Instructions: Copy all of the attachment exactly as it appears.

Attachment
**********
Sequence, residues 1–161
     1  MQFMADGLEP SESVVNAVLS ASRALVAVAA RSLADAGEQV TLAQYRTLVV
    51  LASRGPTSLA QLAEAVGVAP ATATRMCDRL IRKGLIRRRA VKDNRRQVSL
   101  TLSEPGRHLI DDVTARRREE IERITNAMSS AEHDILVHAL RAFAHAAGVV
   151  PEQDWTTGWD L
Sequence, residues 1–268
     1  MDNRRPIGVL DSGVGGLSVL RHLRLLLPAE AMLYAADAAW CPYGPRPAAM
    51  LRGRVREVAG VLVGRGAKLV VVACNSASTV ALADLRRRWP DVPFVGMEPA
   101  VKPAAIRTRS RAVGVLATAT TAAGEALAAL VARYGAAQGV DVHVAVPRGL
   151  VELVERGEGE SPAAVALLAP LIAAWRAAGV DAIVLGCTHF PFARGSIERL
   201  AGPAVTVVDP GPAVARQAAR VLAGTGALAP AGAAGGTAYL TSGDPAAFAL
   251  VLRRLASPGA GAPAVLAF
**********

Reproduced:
Sequence, residues 1–161
     1  MQFMADGLEP SESVVNAVLS ASRALVAVAA RSLADAGEQV TLAQYRTLVV
    51  LASRGPTSLA QLAEAVGVAP ATATRMCDRL IRKGLIRRRA VKDNRRQVSL
   101  TLSEPGRHLI DDVTARRREE IERITNAMSS AEHDILVHAL RAFAHAAGVV
   151  PEQDWTTGWD L
Sequence, residues 1–268
     1  MDNRRPIGVL DSGVGGLSVL RHLRLLLPAE AMLYAADAAW CPYGPRPAAM
    51  LRGRVREVAG VLVGRGAKLV VVACNSASTV ALADLRRRWP DVPFVGMEPA
   101  VKPAAIRTRS RAVGVLATAT TAAGEALAAL VARYGAAQGV DVHVAVPRGL
   151  VELVERGEGE SPAAVALLAP LIAAWRAAGV DAIVLGCTHF PFARGSIERL
   201  AGPAVTVVDP GPAVARQAAR VLAGTGALAP AGAAGGTAYL TSGDPAAFAL
   251  VLRRLASPGA GAPAVLAF